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Rain persists as Isaac heads toward Arkansas, Missouri

Tropical Storm Isaac winds are dying but heavy rain continues over Louisiana, causing flooding. Isaac's rains may help drought-struck Midwestern states on Friday.

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Clean up begins outside the International House Hotel on Camp street in the French Quarter after the overnight curfew was lifted on August 30, 2012 in New Orleans, Louisiana.

Photo by Ann Hermes/The Christian Science Monitor

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Isaac's whistling winds lashed this city and the storm dumped nearly a foot of rain on its desolate streets, but the system of levee pumps, walls and gates appeared to withstand one of the stiffest challenges yet. To the north and south, though, people had to be evacuated or rescued as Isaac lingered over Louisiana.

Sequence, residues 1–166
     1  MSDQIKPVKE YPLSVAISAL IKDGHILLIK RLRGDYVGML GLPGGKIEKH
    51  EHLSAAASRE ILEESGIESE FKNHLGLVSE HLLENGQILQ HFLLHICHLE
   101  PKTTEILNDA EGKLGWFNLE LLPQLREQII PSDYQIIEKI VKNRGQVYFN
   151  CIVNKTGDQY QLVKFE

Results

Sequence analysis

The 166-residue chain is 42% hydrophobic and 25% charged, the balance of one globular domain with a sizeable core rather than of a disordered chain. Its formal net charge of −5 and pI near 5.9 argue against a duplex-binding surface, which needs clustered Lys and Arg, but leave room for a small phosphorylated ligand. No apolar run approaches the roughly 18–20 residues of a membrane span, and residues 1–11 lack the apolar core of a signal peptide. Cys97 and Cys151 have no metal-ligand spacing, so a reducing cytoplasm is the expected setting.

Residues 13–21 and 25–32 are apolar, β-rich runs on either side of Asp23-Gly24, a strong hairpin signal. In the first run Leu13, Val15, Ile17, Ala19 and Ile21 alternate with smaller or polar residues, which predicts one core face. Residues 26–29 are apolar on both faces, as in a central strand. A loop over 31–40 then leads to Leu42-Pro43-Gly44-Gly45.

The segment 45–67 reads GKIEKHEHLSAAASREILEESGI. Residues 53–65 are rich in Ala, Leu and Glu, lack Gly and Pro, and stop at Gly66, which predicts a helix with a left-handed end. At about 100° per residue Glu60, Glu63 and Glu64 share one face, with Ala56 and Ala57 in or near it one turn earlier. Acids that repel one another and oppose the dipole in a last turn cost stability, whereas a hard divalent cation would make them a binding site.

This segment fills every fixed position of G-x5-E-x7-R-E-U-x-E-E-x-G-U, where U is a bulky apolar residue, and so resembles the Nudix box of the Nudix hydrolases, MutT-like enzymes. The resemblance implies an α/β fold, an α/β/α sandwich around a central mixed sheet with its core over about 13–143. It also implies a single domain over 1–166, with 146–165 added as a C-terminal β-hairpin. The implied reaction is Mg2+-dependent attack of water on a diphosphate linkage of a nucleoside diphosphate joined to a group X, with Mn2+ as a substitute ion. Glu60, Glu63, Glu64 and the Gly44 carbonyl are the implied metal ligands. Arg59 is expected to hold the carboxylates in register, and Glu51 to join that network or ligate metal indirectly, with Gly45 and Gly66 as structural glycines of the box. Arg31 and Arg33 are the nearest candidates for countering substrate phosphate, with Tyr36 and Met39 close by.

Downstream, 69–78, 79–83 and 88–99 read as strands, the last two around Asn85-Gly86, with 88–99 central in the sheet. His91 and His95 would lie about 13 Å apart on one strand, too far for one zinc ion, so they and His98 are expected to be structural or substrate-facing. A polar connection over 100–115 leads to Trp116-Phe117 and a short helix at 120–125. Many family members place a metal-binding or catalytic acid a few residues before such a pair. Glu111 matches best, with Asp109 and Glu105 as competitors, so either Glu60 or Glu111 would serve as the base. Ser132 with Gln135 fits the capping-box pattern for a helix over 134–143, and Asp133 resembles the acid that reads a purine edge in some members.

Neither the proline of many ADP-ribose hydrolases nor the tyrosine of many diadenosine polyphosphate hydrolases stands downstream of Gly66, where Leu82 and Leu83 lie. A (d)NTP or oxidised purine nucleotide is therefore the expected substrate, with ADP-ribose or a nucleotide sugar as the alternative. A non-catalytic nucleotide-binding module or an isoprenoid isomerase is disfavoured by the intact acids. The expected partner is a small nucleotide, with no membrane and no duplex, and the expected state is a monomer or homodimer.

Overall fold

The rain fell almost constantly for more than a day, flooding neighborhoods in a rural part of the state and in neighboring Mississippi. Officials had to respond quickly because the waters were rising fast — even as Isaac meandered slowly northward Thursday on a path toward Arkansas.

President Barack Obama declared federal emergencies in Louisiana and Mississippi late Wednesday, allowing federal aid to be freed up for affected areas.

RECOMMENDED: Hurricane Isaac photos

Along the shores of Lake Ponchartrain, officials sent scores of buses and dozens of high-water vehicles to help evacuate about 3,000 people as rising waters lapped against houses and left cars stranded. Floodwaters rose waist-high in some neighborhoods, and the Louisiana National Guard was working with sheriff's deputies to rescue people stranded in their homes.

Even as Isaac weakened on its slow trek inland, it continued to spin life-threatening weather including storm surges, inland flooding from torrential rain and potential tornadoes.

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